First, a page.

Edward VII died in 1910, so the first bunting I would see, and which I remember, would be 1911 to celebrate the crowning of the new king, George V. I was 3, born 11th. October, 1908 on a Sunday so my mother said. She was 46 and so was my father; Ellen, very rarely Nelly, Mather, never Matthew. I had 3 brothers, Jim 21, Stanley 16 and Tom 9. As was the custom, I was named after the 2 grandmothers, Isabella, father's mother and Alice, mother's mother. As a child, I was called Bell-Alice which I hated and which I changed to Isabel when in my teens. My two eldest brothers never lived at home with me because they had gone elsewhere to work, Jim at Newcastle and Stan to play football at Bradford, Greenock Morton and Newcastle.

My father collected rates and twice a year he had to go to Durham Court to get the 'Rate Books' signed by the magistrates, I imagine. We had a pony called Minny and a very nice trap so my father went to Durham by pony and trap, not only to court, but to Bailes's to get the books etc. needed for his job. That is where I must have been, when 3, and saw the bunting at Shincliffe, but not at Kelloe where I lived. That is my very earliest recollection of anything.

The pit was called East Hetton Colliery and was a mile away from the village, so we were away from pit noise and smell. The area is not flat, not hilly but sloping. Kelloe faced north and there was a slope to climb up or run down. It was a village built last century when the mine was sunk, 1850. It was built for the miners who lived in cottages or houses made of lime and stone, mostly. There were few brick houses in the streets. Only the main road had a proper surface. The rest of the paths were 'undeveloped' and so very rough. We lived in Green Street in a house that had been raised with bricks so it must have been mud, stone and lime before that. Water was laid on in my childhood and so was electricity.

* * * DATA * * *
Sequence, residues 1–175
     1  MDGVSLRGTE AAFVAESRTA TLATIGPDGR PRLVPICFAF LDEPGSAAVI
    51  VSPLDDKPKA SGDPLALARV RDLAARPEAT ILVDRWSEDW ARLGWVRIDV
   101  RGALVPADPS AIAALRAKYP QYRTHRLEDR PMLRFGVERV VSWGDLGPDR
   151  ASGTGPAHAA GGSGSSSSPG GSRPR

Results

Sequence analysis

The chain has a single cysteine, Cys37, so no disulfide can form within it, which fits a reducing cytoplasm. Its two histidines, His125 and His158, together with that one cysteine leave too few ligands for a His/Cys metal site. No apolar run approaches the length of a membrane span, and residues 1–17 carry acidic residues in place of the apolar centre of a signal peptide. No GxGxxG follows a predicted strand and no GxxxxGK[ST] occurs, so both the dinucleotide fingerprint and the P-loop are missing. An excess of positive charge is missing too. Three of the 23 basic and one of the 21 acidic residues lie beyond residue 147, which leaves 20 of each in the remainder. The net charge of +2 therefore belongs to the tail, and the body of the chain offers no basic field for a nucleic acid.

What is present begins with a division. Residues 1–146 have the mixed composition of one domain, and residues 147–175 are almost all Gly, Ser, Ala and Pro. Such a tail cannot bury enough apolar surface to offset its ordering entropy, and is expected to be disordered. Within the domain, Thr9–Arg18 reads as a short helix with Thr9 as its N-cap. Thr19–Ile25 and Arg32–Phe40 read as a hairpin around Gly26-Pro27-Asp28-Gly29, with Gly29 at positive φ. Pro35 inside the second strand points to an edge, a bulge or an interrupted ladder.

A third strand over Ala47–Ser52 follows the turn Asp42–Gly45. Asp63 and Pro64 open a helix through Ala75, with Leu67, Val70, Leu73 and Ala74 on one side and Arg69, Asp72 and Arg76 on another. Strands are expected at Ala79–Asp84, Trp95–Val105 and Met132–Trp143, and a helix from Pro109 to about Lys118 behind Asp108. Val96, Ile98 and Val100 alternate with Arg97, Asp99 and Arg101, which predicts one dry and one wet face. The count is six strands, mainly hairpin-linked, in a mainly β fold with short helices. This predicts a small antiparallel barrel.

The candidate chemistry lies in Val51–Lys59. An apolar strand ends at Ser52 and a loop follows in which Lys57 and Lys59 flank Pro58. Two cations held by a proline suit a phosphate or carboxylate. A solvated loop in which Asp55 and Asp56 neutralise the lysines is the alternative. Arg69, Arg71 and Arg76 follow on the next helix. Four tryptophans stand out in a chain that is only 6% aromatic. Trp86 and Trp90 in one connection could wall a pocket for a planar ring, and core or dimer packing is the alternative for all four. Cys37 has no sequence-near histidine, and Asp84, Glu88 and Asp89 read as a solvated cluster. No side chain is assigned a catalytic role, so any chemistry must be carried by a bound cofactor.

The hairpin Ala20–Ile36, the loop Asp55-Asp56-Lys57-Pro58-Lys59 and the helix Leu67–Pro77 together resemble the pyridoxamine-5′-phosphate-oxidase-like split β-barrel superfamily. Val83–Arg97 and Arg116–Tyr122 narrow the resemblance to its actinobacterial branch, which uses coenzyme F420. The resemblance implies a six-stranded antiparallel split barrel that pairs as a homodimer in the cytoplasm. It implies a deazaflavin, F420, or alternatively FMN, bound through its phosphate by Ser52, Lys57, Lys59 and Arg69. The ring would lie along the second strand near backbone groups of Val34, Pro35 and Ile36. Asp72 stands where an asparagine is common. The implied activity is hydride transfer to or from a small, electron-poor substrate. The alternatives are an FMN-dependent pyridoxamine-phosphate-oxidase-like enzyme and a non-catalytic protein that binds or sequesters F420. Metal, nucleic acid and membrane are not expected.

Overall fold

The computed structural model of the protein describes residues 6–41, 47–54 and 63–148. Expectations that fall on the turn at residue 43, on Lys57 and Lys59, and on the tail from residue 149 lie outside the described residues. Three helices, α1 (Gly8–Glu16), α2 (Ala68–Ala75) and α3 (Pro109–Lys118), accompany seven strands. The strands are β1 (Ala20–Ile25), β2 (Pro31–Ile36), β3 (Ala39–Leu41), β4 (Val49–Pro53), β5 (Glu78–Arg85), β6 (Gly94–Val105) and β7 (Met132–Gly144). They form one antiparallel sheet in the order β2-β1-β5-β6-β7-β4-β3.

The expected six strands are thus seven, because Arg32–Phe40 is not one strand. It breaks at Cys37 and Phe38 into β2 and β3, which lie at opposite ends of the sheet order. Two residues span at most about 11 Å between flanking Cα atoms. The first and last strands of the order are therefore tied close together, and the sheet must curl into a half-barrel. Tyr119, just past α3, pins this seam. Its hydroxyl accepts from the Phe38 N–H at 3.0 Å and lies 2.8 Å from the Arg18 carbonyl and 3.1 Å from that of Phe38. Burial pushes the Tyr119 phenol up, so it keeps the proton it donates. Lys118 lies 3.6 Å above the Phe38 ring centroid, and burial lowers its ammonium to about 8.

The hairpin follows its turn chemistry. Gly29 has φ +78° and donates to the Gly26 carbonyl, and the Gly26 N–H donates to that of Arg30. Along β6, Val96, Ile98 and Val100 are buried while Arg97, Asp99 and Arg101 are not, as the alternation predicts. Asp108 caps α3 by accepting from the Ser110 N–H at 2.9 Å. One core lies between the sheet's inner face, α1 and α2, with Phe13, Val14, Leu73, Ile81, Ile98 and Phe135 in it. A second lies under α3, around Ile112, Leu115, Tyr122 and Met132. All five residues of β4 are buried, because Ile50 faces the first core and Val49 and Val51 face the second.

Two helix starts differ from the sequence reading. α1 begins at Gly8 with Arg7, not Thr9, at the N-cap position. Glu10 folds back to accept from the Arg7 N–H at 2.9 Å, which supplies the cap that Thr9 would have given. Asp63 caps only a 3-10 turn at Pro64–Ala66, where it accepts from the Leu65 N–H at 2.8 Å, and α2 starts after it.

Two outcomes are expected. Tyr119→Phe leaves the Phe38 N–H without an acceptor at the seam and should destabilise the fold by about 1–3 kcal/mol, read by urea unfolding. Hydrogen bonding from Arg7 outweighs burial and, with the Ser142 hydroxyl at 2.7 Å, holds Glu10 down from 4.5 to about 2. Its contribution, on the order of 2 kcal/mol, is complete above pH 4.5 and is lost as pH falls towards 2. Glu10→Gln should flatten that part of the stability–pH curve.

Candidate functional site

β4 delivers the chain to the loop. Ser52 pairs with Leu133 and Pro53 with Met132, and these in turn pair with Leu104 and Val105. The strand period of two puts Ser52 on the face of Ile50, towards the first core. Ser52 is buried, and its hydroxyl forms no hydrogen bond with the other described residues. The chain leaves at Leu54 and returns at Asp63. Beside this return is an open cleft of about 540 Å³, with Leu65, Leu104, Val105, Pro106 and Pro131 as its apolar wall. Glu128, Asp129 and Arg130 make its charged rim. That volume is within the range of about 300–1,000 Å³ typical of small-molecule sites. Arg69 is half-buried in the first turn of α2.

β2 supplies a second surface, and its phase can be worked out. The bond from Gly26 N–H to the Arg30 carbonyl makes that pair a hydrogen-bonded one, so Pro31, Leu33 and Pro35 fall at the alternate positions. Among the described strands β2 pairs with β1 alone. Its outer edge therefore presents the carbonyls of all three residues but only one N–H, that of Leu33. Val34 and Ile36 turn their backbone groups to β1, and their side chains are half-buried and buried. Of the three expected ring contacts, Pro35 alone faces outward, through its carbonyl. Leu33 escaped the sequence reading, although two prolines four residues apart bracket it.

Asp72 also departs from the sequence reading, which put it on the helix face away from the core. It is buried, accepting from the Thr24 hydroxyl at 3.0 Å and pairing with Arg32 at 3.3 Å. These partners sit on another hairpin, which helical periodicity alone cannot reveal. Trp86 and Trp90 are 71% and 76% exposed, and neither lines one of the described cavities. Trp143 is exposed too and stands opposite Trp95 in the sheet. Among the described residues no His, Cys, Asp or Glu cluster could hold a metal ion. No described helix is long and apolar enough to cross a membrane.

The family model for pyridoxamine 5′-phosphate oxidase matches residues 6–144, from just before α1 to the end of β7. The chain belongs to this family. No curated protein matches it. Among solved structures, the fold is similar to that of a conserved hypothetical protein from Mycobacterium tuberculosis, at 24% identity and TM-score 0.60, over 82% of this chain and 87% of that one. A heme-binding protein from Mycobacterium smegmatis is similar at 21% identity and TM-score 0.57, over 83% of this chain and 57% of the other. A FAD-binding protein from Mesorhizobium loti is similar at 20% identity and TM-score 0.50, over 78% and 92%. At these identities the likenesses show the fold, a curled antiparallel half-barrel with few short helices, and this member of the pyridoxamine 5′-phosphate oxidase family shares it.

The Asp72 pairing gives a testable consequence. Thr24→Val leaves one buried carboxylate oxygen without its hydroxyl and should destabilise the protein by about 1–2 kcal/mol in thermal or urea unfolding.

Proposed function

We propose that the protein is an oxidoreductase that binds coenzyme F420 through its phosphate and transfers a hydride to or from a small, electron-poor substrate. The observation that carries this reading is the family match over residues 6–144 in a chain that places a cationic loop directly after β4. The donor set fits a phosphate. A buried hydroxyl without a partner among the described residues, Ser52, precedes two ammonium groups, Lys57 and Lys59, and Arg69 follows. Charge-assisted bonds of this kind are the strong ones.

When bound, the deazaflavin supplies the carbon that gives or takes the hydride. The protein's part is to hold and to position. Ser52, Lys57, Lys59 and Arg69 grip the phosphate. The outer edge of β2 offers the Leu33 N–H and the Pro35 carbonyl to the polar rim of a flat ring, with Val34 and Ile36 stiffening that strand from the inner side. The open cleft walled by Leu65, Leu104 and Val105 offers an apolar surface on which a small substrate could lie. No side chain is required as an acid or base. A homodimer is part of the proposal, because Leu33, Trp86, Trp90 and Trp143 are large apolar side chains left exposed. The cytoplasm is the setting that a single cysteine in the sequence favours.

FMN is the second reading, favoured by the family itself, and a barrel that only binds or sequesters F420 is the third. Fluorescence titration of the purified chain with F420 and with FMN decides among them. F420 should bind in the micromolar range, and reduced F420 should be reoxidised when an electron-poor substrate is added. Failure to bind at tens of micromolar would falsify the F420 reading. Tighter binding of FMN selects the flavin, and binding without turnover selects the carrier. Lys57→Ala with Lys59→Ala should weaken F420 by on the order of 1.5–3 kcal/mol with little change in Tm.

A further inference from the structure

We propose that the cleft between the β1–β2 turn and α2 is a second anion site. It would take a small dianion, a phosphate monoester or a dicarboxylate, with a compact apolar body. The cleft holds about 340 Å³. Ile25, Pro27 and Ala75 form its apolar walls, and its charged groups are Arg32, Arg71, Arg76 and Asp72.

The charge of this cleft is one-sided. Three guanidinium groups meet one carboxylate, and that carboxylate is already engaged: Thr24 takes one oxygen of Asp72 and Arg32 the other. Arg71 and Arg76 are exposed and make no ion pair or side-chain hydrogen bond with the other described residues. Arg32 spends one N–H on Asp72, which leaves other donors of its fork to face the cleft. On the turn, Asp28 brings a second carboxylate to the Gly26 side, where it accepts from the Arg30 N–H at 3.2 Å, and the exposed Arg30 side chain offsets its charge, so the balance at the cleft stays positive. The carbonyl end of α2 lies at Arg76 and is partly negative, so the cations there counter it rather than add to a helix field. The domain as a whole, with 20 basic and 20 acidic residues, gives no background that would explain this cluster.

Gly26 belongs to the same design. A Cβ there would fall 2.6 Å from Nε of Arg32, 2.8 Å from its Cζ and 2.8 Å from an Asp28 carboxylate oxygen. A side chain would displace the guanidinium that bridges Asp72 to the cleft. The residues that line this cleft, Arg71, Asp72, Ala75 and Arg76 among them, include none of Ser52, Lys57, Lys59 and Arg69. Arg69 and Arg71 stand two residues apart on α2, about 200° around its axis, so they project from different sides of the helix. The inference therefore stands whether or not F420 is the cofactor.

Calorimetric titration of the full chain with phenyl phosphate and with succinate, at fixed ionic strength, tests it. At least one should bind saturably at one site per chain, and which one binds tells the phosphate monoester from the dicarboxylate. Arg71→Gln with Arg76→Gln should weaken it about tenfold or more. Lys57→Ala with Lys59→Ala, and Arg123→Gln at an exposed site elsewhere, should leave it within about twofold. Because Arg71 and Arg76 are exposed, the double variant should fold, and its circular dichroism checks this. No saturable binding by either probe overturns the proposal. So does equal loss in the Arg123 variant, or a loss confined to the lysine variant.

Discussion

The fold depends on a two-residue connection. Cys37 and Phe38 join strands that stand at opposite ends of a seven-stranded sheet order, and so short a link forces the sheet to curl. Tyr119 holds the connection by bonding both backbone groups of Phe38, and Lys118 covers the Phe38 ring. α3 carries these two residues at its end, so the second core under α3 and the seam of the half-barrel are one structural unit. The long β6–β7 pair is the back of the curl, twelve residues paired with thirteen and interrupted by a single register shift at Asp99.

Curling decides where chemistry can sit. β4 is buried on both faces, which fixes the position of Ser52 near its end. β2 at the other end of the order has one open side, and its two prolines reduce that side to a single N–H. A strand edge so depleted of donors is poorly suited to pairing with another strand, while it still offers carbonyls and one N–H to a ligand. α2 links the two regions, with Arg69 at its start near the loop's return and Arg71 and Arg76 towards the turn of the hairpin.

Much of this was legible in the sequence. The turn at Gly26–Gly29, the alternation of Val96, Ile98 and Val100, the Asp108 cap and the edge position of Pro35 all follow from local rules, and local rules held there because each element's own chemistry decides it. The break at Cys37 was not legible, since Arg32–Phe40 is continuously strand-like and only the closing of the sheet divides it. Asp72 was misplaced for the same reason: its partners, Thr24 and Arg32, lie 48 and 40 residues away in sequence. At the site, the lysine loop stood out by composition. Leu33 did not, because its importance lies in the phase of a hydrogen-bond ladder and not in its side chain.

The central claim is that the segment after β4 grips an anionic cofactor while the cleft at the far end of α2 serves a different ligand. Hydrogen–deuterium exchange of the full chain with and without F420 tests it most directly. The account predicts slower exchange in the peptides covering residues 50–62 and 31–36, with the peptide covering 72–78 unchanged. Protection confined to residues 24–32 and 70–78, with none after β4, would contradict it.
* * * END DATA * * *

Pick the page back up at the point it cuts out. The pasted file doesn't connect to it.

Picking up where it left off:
My mother's parents, James and Alice Scott, had a grocery shop, and I remember the currents, sultanas and raisins being 'washed'. All the weighing machines were different and those made of brass were cleaned each week as all brass was. I cannot remember paper bags, but I can see my grandfather folding paper perfectly over butter and cheese, which was always ‘cut', lard etc. Some goods were tins and very nice ones too. Most bags were blue.

The house and shop seemed big to me. When 6 or 7 they both died. My mother had a brother, uncle Jos (eph) and a widowed sister Margaret Jane who lived near the shop in a miner's cottage and who had had a big family. I can member a fuss about a 'will', meaningless to me of course. My mother used to go to see her parents about 4.00 p.m. every Sunday afternoon, and one day she looked through the window, through the "shield" (brass curtain) and saw her parents and my aunt making a will. She came home very upset and told my father who, with the village headmaster, was an executor of a will already made. When my grandparents died, some months later, there had been new a will made, but incorrectly, so there was a great fuss. Father went to see Ferance a solicitor.in Durham and my aunt should have got nothing because her name was wrong, but my mother and her brother swore they knew her! Each grandchild got £50.00. I was the youngest. I still have some silver etc. that my mother bought when everything had to be sold and bought because of the muddle of the second will.


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